Key US-China strategic and economic talks overshadowed by NKorea, Iran, Japan base issues

WASHINGTON (AP) — Secretary of State Hillary Rodham Clinton is embarking on a three-nation tour of Asia whose centerpiece — a new round of U.S.-China strategic and economic talks — is likely to be overshadowed by a crisis with North Korea, possible new sanctions on Iran and the debate over U.S. military bases in Japan.

There have been striking new developments on those three security fronts ahead of Clinton's Thursday departure for her fifth journey to Asia as America's top diplomat, particularly the release of a report blaming North Korea for the sinking of a South Korean warship. And, at each stop along her way — Japan, China and South Korea — these tough foreign policy problems are expected to draw the spotlight.

After meetings in Tokyo and a good-will visit to the World Expo in Shanghai on Friday and Saturday, Clinton will join Treasury Secretary Timothy Geithner in Beijing for two days of talks with Chinese leaders.

Those talks are intended to focus on improving cooperation between the two economic giants to cement the U.S. economic recovery, ease world financial woes and combat issues like climate change and terrorism.

Instead, the release of the report blaming North Korea for the March 26 sinking of the South Korean warship Cheonan and negotiations on a new U.N. Security Council resolution imposing fresh sanctions on Iran over its suspect nuclear program are expected to take center stage at Monday and Tuesday's talks in the Chinese capital.

The White House said late Wednesday that the ship sinking was an "act of aggression" that is "one more instance of North Korea's unacceptable behavior and defiance of international law." It called it "a challenge to international peace and security and ... a violation of the Armistice Agreement" that ended the Korean War.

The State Department said the evidence ruled out any alternative explanation and the United States was "already working very closely with our ally (South Korea) and consulting with our partners regarding appropriate steps."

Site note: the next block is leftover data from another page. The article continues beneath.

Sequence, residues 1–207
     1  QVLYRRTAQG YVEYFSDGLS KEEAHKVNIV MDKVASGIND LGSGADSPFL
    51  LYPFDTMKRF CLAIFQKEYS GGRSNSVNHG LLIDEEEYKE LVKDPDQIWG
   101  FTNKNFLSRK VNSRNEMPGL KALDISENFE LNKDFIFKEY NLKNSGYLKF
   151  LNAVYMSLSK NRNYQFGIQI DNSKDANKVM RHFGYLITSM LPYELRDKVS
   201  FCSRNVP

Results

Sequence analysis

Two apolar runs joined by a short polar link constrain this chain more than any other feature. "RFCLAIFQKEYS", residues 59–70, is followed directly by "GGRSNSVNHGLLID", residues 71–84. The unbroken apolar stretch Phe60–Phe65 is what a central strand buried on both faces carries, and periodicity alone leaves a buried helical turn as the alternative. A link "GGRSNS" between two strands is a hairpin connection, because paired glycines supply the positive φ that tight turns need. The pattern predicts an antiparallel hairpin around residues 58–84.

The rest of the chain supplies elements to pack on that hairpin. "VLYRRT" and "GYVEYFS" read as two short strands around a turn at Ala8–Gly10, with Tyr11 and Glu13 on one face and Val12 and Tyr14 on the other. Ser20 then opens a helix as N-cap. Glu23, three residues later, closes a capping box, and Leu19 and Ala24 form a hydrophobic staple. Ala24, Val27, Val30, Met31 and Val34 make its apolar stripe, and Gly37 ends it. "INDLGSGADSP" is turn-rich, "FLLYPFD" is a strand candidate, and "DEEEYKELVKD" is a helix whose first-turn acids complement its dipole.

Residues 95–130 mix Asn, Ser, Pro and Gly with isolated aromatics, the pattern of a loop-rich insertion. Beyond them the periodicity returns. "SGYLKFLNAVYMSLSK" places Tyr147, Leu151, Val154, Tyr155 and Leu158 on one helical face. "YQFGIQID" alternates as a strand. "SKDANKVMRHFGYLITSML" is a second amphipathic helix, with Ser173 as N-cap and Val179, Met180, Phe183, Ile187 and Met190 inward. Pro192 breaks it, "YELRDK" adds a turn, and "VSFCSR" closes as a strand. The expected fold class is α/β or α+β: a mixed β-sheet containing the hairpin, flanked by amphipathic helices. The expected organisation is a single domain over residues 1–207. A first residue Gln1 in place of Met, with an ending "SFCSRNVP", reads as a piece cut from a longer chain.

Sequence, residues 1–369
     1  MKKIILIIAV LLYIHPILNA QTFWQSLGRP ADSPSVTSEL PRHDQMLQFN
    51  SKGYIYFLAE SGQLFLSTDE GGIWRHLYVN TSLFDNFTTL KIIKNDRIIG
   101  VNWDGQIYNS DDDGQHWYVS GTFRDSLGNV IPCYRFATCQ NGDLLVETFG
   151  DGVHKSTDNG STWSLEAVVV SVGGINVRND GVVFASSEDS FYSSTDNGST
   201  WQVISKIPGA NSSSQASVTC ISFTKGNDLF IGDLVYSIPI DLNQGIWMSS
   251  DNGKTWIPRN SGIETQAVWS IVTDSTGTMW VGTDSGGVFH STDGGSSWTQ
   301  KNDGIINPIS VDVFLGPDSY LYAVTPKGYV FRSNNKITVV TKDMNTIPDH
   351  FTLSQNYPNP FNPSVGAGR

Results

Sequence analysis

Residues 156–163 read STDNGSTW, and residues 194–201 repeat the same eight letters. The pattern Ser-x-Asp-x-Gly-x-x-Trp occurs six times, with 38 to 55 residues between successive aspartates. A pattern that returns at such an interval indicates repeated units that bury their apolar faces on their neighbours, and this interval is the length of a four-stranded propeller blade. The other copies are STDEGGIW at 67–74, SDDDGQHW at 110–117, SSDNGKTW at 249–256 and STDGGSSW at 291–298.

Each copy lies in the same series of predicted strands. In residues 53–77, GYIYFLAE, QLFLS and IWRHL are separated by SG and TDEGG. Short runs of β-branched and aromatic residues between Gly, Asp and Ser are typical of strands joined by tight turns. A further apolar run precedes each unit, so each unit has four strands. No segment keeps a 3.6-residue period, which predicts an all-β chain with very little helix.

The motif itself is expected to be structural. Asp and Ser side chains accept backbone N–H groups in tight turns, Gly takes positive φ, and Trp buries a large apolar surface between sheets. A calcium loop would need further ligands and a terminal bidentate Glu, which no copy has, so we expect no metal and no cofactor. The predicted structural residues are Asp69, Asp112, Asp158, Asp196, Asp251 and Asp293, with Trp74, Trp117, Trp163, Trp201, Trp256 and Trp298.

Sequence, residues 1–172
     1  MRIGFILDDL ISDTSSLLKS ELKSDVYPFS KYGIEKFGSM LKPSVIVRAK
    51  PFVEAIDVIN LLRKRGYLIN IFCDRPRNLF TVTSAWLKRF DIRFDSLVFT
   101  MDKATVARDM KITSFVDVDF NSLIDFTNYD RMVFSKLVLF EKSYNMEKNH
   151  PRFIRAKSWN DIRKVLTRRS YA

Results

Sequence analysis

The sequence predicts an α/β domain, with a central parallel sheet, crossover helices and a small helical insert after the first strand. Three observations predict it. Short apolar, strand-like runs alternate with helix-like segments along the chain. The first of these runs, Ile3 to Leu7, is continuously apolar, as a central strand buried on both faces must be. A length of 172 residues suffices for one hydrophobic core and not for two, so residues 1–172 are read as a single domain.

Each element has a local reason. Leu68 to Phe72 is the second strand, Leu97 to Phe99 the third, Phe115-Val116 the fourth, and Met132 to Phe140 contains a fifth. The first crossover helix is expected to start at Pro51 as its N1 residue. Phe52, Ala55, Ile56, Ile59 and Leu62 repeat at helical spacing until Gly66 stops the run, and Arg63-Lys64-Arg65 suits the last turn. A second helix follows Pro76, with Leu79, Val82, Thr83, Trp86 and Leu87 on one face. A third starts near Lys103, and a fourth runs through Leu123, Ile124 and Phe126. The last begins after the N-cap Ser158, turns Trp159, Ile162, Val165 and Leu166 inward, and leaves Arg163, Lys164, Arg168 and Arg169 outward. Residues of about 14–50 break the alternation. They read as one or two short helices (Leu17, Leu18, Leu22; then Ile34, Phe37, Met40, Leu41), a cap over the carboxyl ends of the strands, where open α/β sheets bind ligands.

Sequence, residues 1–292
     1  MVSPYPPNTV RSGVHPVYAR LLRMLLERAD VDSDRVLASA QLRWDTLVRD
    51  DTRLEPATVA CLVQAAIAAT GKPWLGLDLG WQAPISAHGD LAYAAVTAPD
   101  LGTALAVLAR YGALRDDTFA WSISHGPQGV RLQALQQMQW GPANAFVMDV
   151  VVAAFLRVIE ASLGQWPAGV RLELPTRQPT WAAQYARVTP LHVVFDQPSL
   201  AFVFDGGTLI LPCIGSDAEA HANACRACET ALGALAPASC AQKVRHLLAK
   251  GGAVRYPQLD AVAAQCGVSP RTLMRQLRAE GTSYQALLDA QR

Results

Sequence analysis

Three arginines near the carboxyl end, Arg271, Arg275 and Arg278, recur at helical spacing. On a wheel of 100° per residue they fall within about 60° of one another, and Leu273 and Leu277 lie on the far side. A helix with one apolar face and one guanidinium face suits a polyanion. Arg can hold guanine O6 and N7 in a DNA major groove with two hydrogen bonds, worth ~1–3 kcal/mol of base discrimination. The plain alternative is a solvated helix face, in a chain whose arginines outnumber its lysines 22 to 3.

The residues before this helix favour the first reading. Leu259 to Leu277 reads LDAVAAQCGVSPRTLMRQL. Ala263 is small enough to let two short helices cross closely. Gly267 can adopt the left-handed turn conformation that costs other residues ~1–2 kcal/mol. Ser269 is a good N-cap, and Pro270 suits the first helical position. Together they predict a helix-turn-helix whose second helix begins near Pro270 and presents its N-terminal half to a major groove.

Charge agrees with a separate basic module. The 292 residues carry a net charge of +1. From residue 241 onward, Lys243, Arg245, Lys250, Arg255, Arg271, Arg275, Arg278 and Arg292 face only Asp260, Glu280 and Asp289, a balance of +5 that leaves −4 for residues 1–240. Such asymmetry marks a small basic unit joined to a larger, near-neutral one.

In response to the report, North Korea warned it will wage "all-out war" if there is retaliation against it over the sinking, which killed 46 sailors. The North's Korean Central News Agency quoted a spokesman from the National Defense Commission as rejecting the findings as a "fabrication." It said Pyongyang would react to any punishment or sanctions with warfare.

Earlier, U.S. officials sought to minimize the distractive impact the sinking is expected to have on the second round of the so-called Strategic and Economic Dialogue with China. But with the Chinese holding the most leverage over reclusive North Korea, its support for any international response to Pyongyang will be critical to its success.

Kurt Campbell, the top U.S. diplomat for Asia, acknowledged that a main reason for Clinton's trip "will be to have the closest possible consultation with Japan, China and South Korea on the next phase" of the North Korean situation. He said it would be prime agenda item in Clinton's talks with Chinese President Hu Jintao, Foreign Minister Yang Jiechi and State Councilor Dai Bingguo.

"A central issue of discussion for Secretary Clinton with her interlocutors ... will be on their assessments of developments in North Korea and their reaction to the report," he said.

China's backing of new U.N. sanctions on Iran, something it traditionally has opposed, will also be a main topic. China has reluctantly agreed to support watered-down new economic penalties against Tehran.

The focus will be a far cry from the original intent of the economic and trade issues that were the reason the U.S.-China strategic talks were begun in 2006 by the Bush administration under then-Treasury Secretary Henry Paulson and expanded by the Obama administration in 2009.

The talks were intended to keep pressure on China to allow its currency to rise in value against the dollar as a way to narrow America's huge trade deficit with China, the largest trade gap the United States runs with any country.

Treasury officials insist the economic issues, including China's currency, will be a major part of the discussions next week, but they play down any suggestions that China might announce it is starting to let its currency, the yuan, rise in value against the dollar.

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AP Economics Writer Martin Crutsinger contributed to this report.